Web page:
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Ron Carter, born in Michigan in the 30’s, to just say he simply plays the bass would be a massive understatement, he is THE bass player, a colossus in the world of Jazz. He has been part of over 2,200 recordings making him one of the most recorded artists in jazz history alongside Ray Brown and Milt Hinton.

We are going to share with you just eight of them recordings by some of jazz and soul music’s biggest artist’s but all featuring the bass of Ron Carter.


Sunbirds - My Dear Groovin (A flute driven jazz groover)

Johnny “Hammond” Smith - Catch My Soul (funky organ stomper)

Quincy Jones - There's A Train Leavin (It’s Quincy ‘nuff’ said)

Donald Bryd - The Dude (Jazz funk numero uno)

Roberta Flack - No Tears (Tunes don’t get much bigger)

Mark Murphy - We Could Be Flying (Soul Jazz at it’s best)

Marlena Shaw - Easy Evil (Sultry soul cover of a very popular 70’s track by Alan O’ Day - check the story here)

Marlena Shaw - Let’s Move And Groove (You said it Esther)

Walk or wander into the world of jazz. Ron Carter is there. His reputation in the music world is peerless. He stylishly accompanies any player or group and, without breaking stride, performs with stunning virtuosity as a soloist. His work is rich in detail, pure in sound, and technically impressive. His long list of accolades as a performer is unprecedented; he may be the most popular bassist there is. A lean six feet four inches with a mixture of pride and courtliness, Ron displays an elegant calm on stage as well as off. He has created music with consummate skill for more than forty-five years, apparently without rumpling his tasteful suits or raising a serious sweat. In the early 1960s, he performed throughout the United States in nightclubs and concert halls with Eric Dolphy, Jaki Byard, and Wes Montgomery, then toured Europe with Cannonball Adderley. He was a member of Miles Davis’s now classic quintet from 1963 to 1968, along with Herbie Hancock, Tony Williams, and Wayne Shorter and drummer Tony Williams, playing on the album Seven Steps to Heaven and E.S.P. Carter also performed on some of their solo releases.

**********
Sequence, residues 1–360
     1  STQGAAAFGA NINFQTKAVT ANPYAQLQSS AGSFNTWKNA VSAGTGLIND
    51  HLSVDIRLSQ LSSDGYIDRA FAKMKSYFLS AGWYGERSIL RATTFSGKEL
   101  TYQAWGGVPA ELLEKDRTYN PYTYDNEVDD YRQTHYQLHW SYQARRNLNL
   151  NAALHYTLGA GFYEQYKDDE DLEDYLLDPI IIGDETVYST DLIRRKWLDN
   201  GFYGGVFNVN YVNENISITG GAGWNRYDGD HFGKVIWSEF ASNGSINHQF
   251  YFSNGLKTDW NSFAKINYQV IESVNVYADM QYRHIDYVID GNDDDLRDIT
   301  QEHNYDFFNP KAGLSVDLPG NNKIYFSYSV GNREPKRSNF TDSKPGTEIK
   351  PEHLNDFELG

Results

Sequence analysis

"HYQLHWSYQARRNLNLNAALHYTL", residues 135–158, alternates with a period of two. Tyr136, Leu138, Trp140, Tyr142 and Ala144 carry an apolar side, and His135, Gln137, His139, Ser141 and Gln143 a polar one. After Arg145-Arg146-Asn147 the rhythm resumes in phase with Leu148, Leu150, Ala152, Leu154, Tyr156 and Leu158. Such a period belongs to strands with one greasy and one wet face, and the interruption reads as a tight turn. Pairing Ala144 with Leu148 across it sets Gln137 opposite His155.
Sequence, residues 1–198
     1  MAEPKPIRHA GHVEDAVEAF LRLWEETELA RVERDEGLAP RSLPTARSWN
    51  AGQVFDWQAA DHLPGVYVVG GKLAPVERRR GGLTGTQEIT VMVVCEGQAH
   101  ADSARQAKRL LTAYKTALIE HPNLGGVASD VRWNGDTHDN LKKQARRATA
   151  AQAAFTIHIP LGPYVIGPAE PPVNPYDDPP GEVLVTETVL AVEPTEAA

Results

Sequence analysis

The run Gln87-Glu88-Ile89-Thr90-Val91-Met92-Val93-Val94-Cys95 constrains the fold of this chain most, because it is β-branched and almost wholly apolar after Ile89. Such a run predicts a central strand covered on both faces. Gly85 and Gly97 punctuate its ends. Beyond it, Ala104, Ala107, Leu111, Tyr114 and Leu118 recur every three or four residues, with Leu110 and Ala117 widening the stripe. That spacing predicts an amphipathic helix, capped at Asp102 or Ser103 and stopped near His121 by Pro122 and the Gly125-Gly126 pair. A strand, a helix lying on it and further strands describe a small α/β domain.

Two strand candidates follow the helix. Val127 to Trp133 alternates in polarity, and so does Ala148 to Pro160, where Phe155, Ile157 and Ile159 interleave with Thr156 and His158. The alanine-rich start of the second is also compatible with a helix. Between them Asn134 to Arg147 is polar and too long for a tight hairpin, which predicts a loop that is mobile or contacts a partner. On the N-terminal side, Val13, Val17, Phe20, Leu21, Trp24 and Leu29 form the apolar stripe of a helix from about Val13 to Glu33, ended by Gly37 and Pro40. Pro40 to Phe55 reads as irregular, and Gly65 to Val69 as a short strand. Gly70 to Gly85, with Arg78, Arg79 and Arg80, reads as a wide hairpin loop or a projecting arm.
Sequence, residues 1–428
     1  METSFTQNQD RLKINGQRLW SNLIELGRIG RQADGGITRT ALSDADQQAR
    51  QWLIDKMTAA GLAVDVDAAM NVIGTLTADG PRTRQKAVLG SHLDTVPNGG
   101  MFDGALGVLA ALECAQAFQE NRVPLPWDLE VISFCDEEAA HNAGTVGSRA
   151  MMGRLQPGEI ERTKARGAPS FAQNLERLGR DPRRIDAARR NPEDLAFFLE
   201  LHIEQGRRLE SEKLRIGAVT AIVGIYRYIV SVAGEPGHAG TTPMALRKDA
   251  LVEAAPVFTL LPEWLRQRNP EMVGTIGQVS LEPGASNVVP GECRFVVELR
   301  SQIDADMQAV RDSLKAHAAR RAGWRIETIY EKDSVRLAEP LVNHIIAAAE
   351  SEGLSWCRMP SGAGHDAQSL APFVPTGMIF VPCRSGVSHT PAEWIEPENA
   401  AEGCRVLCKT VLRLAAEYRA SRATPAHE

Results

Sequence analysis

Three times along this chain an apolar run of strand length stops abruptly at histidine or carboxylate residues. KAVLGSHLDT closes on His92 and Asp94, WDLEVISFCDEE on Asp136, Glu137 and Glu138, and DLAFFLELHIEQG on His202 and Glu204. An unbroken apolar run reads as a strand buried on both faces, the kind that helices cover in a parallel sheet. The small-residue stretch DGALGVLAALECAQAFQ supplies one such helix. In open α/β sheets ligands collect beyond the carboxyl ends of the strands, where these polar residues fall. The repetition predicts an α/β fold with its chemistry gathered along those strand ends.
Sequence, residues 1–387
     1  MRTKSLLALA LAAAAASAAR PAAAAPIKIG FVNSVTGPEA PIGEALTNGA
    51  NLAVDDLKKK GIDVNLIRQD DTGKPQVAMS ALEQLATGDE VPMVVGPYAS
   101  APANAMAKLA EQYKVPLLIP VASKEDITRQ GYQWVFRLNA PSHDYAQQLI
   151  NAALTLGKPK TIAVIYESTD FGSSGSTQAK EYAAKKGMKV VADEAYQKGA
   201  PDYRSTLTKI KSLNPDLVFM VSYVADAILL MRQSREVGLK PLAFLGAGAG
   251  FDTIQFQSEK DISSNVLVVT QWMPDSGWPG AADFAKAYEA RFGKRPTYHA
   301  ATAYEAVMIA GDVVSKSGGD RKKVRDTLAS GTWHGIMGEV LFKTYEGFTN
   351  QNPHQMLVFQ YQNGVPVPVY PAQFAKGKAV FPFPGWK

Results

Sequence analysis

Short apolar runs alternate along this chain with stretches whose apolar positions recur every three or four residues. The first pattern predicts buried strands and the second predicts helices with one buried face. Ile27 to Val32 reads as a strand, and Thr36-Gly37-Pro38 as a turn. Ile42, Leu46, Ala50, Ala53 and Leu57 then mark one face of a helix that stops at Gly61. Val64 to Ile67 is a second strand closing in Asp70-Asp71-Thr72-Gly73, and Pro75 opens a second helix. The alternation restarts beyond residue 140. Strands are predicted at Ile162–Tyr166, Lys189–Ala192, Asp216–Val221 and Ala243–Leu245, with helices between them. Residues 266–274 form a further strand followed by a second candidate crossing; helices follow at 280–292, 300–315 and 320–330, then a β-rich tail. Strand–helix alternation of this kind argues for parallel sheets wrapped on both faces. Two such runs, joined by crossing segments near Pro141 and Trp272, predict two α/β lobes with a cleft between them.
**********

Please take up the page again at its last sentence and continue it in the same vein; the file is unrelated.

After leaving Miles Davis, Carter was for several years a mainstay of CTI Records, making albums under his own name and also appearing on multiple labels across right across the 1970s and 1980s on various labels including Blue note with artist’s including, Gil Scott Heron (Pieces of a Man LP and the legendary track ‘The revolution will not be televised’.

Ron was among the few bassists who continued to play acoustic bass when many turned to electric bass. “It was a conscious choice,” he says. “I felt a responsibility to present a viable alternative to the popular electric sound.” One of Ron’s chief traits is that he creates bass lines so harmonically and rhythmically rich that soloists must go far to respond to his challenge. As he puts it: “A good bassist determines the direction of any band.” Often Ron uses gonglike tones and glissandos in his work. Once his exclusive trademark, these sounds have now become part of every modern bassist’s vocabulary.

When he first formed his own group, the bass was not generally considered a lead instrument. Ron found a solution in the piccolo bass, an instrument one-half the size of a standard bass. He tuned the instrument so as to foster an unusual sound quality, one that stands out in an ensemble. Backed by a quartet of piano, drums, percussion, and an additional bass, Ron created one of the most distinctive and unusual jazz combos ever heard.